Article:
Addazio Misses Full Week Of Practice After Dedicating Entire Schedule To Making College GameDay Sign
ALUMNI STADIUM — It was reported early Friday morning that Boston College head football coach Steve Addazio missed five consecutive practices this week after dedicating the entirety of his schedule to making a sign for ESPN’s College GameDay. The weekly pre-game show, which has served as a Saturday morning staple for college football fans across the nation since 1987, is known to feature fans holding up humorous signs, the best of which often enjoy brief moments of national recognition on social media.
“College GameDay hasn’t come to Chestnut Hill in almost a decade, so there’s no way I’m going to pass up this opportunity to get on TV,” Addazio told the Classic. “Obviously, the best way to get some screen time is by making a funny sign. The only problem, it’s not as easy as it sounds. I spent the entire first half of my week tossing around a few different ideas. At first, I thought it’d be really funny to poke a little fun at [Clemson head football coach] Dabo Swinney, but then I had to scrap that, because nothing rhymes with Dabo. Then, after I finally settled on an idea, I had a little difficulty crafting the sign. Do you have any idea how tough it is to draw a bubble letter S?”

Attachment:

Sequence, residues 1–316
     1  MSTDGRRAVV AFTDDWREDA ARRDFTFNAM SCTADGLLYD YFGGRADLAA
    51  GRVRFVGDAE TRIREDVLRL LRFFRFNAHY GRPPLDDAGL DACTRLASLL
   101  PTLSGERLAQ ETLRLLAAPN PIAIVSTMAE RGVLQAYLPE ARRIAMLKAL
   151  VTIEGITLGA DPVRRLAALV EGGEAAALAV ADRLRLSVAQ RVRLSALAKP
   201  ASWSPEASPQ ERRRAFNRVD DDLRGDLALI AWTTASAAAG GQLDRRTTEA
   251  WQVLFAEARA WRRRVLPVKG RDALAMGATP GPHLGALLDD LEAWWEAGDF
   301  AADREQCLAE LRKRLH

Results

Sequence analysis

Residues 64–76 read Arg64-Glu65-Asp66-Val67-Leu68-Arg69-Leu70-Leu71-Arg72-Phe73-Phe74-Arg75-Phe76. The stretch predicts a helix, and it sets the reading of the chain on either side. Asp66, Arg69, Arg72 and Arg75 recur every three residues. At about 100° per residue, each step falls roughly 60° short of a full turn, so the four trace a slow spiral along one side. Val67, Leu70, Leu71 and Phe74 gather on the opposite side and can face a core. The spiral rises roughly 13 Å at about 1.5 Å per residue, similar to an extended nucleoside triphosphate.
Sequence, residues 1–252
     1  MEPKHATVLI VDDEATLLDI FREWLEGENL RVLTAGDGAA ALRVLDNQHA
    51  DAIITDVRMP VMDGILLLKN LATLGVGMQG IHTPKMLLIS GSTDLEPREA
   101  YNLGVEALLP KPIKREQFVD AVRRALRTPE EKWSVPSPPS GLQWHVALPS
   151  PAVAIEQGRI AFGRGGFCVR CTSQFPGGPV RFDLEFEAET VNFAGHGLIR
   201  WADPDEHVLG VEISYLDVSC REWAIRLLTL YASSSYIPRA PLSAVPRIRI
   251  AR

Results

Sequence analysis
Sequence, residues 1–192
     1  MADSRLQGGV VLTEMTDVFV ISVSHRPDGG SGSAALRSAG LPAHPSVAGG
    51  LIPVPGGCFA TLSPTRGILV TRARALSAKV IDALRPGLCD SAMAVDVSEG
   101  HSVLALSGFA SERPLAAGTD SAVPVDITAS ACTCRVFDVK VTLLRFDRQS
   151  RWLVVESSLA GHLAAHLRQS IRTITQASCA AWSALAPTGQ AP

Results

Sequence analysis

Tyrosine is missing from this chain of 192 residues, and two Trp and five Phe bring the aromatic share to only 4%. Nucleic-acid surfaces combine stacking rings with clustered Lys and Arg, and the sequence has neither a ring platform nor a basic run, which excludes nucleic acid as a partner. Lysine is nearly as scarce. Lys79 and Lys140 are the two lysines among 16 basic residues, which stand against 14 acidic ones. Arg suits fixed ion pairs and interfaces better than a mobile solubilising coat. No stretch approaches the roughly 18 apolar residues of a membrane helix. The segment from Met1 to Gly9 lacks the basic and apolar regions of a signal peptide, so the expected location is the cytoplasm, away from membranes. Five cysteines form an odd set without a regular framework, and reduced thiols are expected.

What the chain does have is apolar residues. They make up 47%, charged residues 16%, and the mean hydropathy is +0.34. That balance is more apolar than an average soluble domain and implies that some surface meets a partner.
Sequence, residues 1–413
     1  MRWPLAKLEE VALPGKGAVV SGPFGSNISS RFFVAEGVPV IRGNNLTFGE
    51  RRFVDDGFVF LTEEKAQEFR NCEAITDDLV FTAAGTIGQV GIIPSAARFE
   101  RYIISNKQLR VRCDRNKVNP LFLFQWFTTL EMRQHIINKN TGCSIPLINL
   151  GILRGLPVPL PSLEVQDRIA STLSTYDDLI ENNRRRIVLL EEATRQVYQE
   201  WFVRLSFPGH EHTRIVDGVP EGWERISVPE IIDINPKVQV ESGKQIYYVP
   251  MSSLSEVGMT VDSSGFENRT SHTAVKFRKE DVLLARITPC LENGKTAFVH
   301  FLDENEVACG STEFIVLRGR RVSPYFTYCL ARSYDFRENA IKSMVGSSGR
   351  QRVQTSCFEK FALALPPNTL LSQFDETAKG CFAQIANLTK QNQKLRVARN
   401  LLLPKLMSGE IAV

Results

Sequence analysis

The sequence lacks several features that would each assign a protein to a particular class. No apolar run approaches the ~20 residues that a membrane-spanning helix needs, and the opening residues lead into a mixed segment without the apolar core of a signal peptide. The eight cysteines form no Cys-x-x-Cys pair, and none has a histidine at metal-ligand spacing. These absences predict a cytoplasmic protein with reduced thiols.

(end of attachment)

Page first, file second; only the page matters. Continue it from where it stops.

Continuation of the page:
Assistant coaches and players alike were baffled by Addazio’s absence at practice this week, and repeatedly expressed their uneasiness over not having prepared a game plan for their matchup against Clemson, despite the game being a little over 24 hours away.
“This is absolutely insane,” said defensive back Brandon Sebastian (MCAS ’21). This is our biggest game of the year, and Coach Addazio is nowhere to be found. We’re playing the second-best team in the country on national television, and he hasn’t spent a second at practice, watching film, or planning our defensive scheme – and it’s all for some ridiculous sign! I just hope he comes to his senses and has some sort of game preparation ready by kickoff.”
At press time, Addazio was seen at University Health Services, seeking medical treatment for what he described as a “deep, deep papercut wound,” and asking a nurse if she thought holding up an enlarged cardboard cutout of Doug Flutie’s head would be funny enough to get him on TV.